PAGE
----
This season, Hollywood is invested in celebrating the films they love while dodging the cultural bullets coming at them from every angle.



Green Book
Photo: Universal Pictures

You know, if it weren’t for the show’s producers effectively and repeatedly saying everything about the Academy Awards is terrible and needs to be changed, and the year’s top-tier contenders inadvertently confirming their claims, this would’ve been a comparatively fun and suspenseful Oscar season. None of us who follow the Academy Awards expect great films to win; we just hope the marathon of precursors don’t turn into a Groundhog Day-style rinse and repeat for the same film, ad nauseam.

On that score, mission accomplished. The guilds have been handing their awards out this season as though they met beforehand and assigned each voting body a different title from Oscar’s best picture list so as not to tip the Oscar race too clearly toward any one film. SAG? Black Panther. PGA? Green Book. DGA? Roma. ASC? Cold War. ACE? Bryan Singer’s Bohemian Rhapsody. Even awards-season kryptonite A Star Is Born got an award for contemporary makeup from the MUAHS. (That’s the Make-Up Artists and Hair Stylists Guild, not the sound Lady Gaga fans have been making ever since A Star Is Born’s teaser trailer dropped last year.)

Not to be outdone, the Writers Guild of America announced their winners last weekend, and not only did presumed adapted screenplay frontrunner BlacKkKlansman wind up stymied by Can You Ever Forgive Me?, but the original screenplay prize went to Eighth Grade, which wasn’t even nominated for an Oscar. Bo Burnham twisted the knife into AMPAS during his acceptance speech: “To the other nominees in the category, have fun at the Oscars, losers!” In both his sarcasm and his surprise, it’s safe to say he speaks on behalf of us all.

As is always the case, WGA’s narrow eligibility rules kept a presumed favorite, The Favourite, out of this crucial trial heat. But as the balloting period comes to a close, the question remains just how much enthusiasm or affection voters have for either of the two films with the most nominations (Roma being the other). As a recent “can’t we all just get along” appeal by Time’s Stephanie Zacharek illustrates, the thing Hollywood is most invested in this season involves bending over backward, Matrix-style, to celebrate the films they love and still dodge the cultural bullets coming at them from every angle.

Maybe it’s just tunnel vision from the cultural vacuum Oscar voters all-too-understandably would prefer to live in this year, but doesn’t it seem like The Favourite’s tastefully ribald peppering of posh-accented C-words would be no match for the steady litany of neo-Archie Bunkerisms spewing from Viggo Mortensen’s crooked mouth? Especially with First Reformed’s Paul Schrader siphoning votes from among the academy’s presumably more vanguard new recruits? We’ll fold our words in half and eat them whole if we’re wrong, but Oscar’s old guard, unlike John Wayne, is still alive and, well, pissed.

Will Win: Green Book

Could Win: The Favourite

Should Win: First Reformed

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Watch: Joanna Hogg’s The Souvenir, Starring Honor Swinton Byrne and Tilda Swinton, Gets First Trailer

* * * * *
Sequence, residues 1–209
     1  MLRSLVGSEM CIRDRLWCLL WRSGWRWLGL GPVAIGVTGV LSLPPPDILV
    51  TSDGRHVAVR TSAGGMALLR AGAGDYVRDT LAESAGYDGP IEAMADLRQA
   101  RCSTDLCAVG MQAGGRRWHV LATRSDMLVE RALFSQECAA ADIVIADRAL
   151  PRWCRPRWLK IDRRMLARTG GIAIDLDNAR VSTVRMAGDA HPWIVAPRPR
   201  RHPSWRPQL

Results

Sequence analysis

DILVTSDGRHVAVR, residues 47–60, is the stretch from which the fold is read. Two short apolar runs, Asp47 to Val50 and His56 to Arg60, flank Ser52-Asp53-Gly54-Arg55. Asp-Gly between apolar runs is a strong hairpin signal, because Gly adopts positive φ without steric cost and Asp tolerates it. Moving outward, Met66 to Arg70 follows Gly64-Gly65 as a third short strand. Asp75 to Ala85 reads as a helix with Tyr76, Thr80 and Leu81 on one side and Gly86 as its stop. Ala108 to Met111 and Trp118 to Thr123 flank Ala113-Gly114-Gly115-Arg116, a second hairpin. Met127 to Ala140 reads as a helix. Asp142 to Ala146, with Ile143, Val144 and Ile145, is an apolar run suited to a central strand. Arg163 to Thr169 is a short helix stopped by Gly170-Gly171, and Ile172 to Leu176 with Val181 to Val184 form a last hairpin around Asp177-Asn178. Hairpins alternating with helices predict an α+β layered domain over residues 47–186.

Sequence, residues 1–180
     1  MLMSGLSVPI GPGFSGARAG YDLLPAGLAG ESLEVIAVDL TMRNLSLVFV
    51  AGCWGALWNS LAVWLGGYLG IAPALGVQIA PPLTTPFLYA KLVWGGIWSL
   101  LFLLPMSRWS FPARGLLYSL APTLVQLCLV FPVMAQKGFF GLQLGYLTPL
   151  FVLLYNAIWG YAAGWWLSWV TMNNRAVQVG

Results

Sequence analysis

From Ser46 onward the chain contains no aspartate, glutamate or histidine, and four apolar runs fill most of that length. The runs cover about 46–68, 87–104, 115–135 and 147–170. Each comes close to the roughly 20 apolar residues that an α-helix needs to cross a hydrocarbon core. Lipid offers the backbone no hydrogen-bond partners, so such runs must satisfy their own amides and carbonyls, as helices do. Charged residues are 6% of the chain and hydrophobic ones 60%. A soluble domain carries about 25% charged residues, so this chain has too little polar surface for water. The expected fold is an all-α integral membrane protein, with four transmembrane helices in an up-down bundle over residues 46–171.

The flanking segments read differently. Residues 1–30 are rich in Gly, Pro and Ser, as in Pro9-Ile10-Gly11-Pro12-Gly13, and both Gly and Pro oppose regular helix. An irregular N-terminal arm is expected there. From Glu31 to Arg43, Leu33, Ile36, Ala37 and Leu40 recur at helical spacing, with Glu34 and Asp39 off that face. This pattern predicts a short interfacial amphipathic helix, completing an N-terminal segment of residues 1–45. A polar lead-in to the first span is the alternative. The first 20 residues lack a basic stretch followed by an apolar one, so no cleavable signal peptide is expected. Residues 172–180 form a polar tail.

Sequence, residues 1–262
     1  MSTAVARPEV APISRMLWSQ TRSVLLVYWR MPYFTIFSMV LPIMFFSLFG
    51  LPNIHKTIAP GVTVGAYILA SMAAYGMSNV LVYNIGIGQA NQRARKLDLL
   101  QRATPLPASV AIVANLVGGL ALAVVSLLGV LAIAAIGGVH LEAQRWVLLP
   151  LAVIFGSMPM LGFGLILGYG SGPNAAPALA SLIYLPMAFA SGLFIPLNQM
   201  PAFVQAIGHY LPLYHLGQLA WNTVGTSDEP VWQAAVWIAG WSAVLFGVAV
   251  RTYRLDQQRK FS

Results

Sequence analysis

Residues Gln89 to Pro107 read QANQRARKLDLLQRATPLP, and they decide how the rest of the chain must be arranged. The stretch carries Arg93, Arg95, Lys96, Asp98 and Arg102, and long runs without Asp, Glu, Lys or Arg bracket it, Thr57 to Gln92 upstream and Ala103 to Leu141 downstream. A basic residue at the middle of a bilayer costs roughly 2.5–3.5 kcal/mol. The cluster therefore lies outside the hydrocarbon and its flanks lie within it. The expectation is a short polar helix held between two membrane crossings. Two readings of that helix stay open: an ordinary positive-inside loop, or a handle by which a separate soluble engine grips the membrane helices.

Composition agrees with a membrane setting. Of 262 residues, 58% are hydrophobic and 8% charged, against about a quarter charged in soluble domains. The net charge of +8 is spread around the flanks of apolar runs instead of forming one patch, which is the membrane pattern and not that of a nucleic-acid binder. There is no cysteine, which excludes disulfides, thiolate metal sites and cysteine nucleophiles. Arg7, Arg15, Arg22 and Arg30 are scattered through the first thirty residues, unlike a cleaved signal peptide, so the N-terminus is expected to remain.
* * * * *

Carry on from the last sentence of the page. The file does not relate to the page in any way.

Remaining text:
Joanna Hogg has been flying under the radar for some time, but that’s poised to change in a big way.



Photo: A24

British film director and screenwriter Joanna Hogg, whose impeccably crafted 2013 film Exhibition we praised on these pages for its “disarming mixture of the remarkable and the banal,” has been flying under the radar for the better part of her career. But that’s poised to change in a big way with the release of her latest film, The Souvenir, which won the Grand Jury Prize at this year’s Sundance Film Festival. Prior to the film’s world premiere at the festival, A24 and Curzon Artificial Eye acquired its U.S. and U.K. distribution rights, respectively. Below is the official description of the film:

A shy but ambitious film student (Honor Swinton Byrne) begins to find her voice as an artist while navigating a turbulent courtship with a charismatic but untrustworthy man (Tom Burke). She defies her protective mother (Tilda Swinton) and concerned friends as she slips deeper and deeper into an intense, emotionally fraught relationship that comes dangerously close to destroying her dreams.

And below is the film’s first trailer:

A24 will release The Souvenir on May 17.

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Oscar 2019 Winner Predictions: Sound Mixing

For appealing to voters’ nostalgia for drunken karaoke nights of yore, one film has the upper hand here.



20th Century Fox
Photo: 20th Century Fox

Given what Eric wrote about the sound editing category yesterday, it now behooves me to not beat around the bush here. Also, it’s my birthday, and there are better things for me to do today than count all the ways that Eric and I talk ourselves out of correct guesses in the two sound categories, as well as step on each other’s toes throughout the entirety of our Oscar-prediction cycle. In short, it’s very noisy. Which is how Oscar likes it when it comes to sound, though maybe not as much the case with sound mixing, where the spoils quite often go to best picture nominees that also happen to be musicals (Les Misérables) or musical-adjacent (Whiplash). Only two films fit that bill this year, and since 2019 is already making a concerted effort to top 2018 as the worst year ever, there’s no reason to believe that the scarcely fat-bottomed mixing of Bryan Singer’s Bohemian Rhapsody will take this in a walk, for appealing to voters’ nostalgia for drunken karaoke nights of yore.

Will Win: Bryan Singer’s Bohemian Rhapsody

Could Win: A Star Is Born

Should Win: First Man